OPEC+ Debates Potential Oil-Output Boost Before Big Meeting

OPEC and its allies debated a potential output increase, delaying preliminary talks between ministers by a day to allow more time for a compromise before a critical meeting on Thursday.

The coalition, led by Saudi Arabia and Russia, is considering whether to continue reviving more crude supplies, a move that could ease the upward pressure on prices as global demand bounces back from the coronavirus pandemic. Possible supply hikes are being discussed for August or September, Kazakhstan’s Energy Minister Nurlan Nogaev told reporters on Wednesday.

Moscow is considering making a proposal to hike output, but Riyadh has signaled it prefers a gradual approach. It’s not the first time the two leaders have gone into the meeting with different stances -- and they tend to hash out a compromise. One delegate predicted the same would happen this time.

Kazakhstan’s minister said he will argue in favor of an increase and the group will decide how to proceed on Thursday. Delegates said some producers have discussed extending the overall time-frame of the deal, which is due to expire in April, to the end of next year.

“OPEC countries are cautious with regard to output-increase strategy amid oil market challenges,” Kuwait’s Oil Ministry said in a statement on Wednesday. “Any decision the organization will take will be in the interests of producers and consumers.”

As oil prices have climbed to the highest level in around 2-1/2 years, analysts widely expect the group to tap some of the vast capacity it shuttered last year. The average expectation is for an increase of 550,000 barrels a day -- roughly 10% of the volume that remains idle.

Brent crude rose 0.7% to $75.31 a barrel at 2:24 p.m. in London. While the global benchmark is down this week amid growing concern about a more contagious variant of the virus, it is still up about 45% this year. The price increase, part of a broader rally in commodities, has stoked fears of inflation.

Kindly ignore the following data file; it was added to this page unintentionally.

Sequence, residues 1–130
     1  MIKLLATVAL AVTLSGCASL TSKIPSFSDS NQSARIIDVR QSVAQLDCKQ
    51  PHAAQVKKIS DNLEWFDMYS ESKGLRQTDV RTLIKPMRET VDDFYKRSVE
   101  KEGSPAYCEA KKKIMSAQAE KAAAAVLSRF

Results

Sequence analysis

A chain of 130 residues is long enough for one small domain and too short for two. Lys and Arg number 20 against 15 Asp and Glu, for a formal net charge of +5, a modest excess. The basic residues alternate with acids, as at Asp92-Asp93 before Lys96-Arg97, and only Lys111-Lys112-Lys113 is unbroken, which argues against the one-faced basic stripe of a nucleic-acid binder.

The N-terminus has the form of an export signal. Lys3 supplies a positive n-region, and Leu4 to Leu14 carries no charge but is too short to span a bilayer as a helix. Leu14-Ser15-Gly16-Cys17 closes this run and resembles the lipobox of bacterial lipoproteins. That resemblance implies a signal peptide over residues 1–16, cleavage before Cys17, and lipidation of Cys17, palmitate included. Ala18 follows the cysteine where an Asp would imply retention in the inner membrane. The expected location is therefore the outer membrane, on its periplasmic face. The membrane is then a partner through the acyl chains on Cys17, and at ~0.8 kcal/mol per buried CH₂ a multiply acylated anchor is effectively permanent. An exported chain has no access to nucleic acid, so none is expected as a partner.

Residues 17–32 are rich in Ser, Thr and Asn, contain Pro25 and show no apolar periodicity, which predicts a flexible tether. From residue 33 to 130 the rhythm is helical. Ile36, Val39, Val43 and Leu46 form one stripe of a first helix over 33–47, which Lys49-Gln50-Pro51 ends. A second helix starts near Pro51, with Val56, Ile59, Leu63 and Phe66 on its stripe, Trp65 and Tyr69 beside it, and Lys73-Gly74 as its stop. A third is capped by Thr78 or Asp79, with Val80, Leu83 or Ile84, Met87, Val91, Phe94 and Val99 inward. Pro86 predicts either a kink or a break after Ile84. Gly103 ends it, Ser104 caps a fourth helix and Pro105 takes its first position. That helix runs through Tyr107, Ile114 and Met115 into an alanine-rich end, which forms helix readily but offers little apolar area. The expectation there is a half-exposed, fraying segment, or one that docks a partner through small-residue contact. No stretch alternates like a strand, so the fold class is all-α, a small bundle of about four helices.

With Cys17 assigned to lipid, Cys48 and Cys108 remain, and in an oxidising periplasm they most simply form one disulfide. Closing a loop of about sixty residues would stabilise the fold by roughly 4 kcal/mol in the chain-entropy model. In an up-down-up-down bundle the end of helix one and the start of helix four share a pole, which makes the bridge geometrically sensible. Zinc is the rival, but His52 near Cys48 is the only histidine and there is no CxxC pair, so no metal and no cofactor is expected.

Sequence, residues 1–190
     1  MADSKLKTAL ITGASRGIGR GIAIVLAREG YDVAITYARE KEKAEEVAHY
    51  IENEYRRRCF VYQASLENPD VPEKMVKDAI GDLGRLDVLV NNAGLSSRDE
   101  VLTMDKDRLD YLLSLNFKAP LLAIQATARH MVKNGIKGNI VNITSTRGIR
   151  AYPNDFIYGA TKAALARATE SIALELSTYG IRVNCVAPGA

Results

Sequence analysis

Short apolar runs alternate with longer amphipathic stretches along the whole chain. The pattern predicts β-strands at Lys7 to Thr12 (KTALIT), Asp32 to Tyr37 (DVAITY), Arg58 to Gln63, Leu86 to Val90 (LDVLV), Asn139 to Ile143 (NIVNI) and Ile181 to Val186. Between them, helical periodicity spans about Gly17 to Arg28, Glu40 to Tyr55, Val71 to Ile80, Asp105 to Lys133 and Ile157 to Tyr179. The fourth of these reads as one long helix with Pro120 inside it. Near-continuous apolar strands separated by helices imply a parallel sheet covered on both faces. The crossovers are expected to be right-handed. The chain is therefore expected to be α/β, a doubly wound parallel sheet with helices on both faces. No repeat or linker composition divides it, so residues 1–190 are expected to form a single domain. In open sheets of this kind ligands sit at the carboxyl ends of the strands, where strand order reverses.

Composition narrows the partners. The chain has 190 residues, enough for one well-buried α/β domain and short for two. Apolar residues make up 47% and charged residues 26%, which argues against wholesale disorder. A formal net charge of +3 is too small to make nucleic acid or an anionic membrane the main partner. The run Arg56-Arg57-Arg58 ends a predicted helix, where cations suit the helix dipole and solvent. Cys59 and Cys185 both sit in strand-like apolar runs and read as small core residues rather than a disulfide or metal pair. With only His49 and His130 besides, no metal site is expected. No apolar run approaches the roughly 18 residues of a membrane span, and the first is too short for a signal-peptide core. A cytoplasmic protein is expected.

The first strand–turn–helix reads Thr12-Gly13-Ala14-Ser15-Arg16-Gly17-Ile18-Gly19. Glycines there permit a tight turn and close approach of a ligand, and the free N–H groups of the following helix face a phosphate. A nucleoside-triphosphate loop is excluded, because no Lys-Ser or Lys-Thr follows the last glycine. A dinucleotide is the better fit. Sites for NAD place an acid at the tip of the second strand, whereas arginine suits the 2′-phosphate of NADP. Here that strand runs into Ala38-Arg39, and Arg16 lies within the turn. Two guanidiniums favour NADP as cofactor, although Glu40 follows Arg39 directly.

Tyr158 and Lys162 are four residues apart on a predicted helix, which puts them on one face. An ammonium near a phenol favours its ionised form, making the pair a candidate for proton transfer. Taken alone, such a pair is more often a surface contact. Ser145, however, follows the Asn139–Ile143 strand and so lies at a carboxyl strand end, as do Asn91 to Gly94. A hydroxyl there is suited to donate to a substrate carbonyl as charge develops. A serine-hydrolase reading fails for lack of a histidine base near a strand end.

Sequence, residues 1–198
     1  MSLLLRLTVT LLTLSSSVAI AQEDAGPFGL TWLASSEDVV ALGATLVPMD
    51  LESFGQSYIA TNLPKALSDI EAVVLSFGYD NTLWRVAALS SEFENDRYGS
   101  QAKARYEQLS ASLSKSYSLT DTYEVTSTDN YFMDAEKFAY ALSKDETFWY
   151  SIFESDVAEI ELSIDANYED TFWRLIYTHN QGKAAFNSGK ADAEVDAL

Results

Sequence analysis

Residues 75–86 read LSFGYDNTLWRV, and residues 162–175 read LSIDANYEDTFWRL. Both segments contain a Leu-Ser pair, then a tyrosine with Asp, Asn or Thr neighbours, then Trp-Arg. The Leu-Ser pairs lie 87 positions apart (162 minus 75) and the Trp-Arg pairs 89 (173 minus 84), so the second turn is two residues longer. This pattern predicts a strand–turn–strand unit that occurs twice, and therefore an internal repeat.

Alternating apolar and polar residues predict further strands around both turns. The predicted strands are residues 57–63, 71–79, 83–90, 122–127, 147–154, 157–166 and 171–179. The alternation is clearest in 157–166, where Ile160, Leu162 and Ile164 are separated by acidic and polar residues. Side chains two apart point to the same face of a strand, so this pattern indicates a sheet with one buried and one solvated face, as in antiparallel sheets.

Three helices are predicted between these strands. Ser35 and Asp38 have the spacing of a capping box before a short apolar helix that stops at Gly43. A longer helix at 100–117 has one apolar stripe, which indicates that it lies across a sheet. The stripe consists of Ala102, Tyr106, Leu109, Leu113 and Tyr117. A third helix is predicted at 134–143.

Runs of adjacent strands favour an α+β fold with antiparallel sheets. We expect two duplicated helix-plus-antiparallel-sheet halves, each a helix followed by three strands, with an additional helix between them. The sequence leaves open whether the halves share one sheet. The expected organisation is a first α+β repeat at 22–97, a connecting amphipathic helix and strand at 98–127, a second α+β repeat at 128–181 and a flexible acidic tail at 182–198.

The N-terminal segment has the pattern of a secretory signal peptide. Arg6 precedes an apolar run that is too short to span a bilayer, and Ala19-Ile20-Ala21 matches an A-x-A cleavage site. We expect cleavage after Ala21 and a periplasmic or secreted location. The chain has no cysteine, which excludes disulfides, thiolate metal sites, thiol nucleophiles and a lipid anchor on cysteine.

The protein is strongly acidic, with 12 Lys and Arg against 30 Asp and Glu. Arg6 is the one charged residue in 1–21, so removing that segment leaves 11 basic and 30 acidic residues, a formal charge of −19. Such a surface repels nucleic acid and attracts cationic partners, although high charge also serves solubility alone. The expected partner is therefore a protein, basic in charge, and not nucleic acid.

“The choice OPEC+ now faces is whether to consolidate those gains and allow prices to stabilize, or to let prices rise further, attracting mounting ire from consumers,” analysts at Standard Chartered Plc, including Sudakshina Unnikrishnan, said in a note Tuesday.

More Time

The 23-nation alliance had been due to convene its advisory body, the Joint Ministerial Monitoring Committee, on Wednesday. That session will now take place on Thursday, the same day as the main policy meeting.

Delegates said it was to allow more time for talks. According to an official letter, Russia’s Deputy Prime Minister Alexander Novak sought the delay because of “presidential commitments.”

Russia, which faces less budgetary pressure to sustain high prices than many of its Middle Eastern allies, wants OPEC+ to boost production, according to people familiar with its oil policy. Riyadh’s position isn’t currently aligned with Moscow, delegates said.

OPEC+ was forced to postpone events as recently as December, when a similar split between Riyadh and Moscow caused the group to delay talks by two days. It ultimately found a compromise, agreeing on a modest production increase.

In recent months, Saudi Energy Minister Prince Abdulaziz bin Salman has urged the Organization of Petroleum Exporting Countries and its partners to adopt a cautious approach in resuming output. He recently argued that this is “paying off.”

Some OPEC nations fear that the potential restart of exports from fellow member Iran could lead to a new glut, and believe the alliance needs to prolong supply restraints to the end of next year. Tehran is seeking an accord to remove U.S. sanctions on its petroleum sales, though the process has stalled.

Oil inventories will start accumulating again next spring if OPEC+ fully restores its shuttered supplies, according to data presented on Tuesday at the group’s Joint Technical Committee.

Stockpiles will swell to stand 181 million barrels above their 2015-2019 average by the end of 2022, the data suggests. The glut would be significantly larger if supplies rebound from Iran and other currently constrained producers, according to the JTC.

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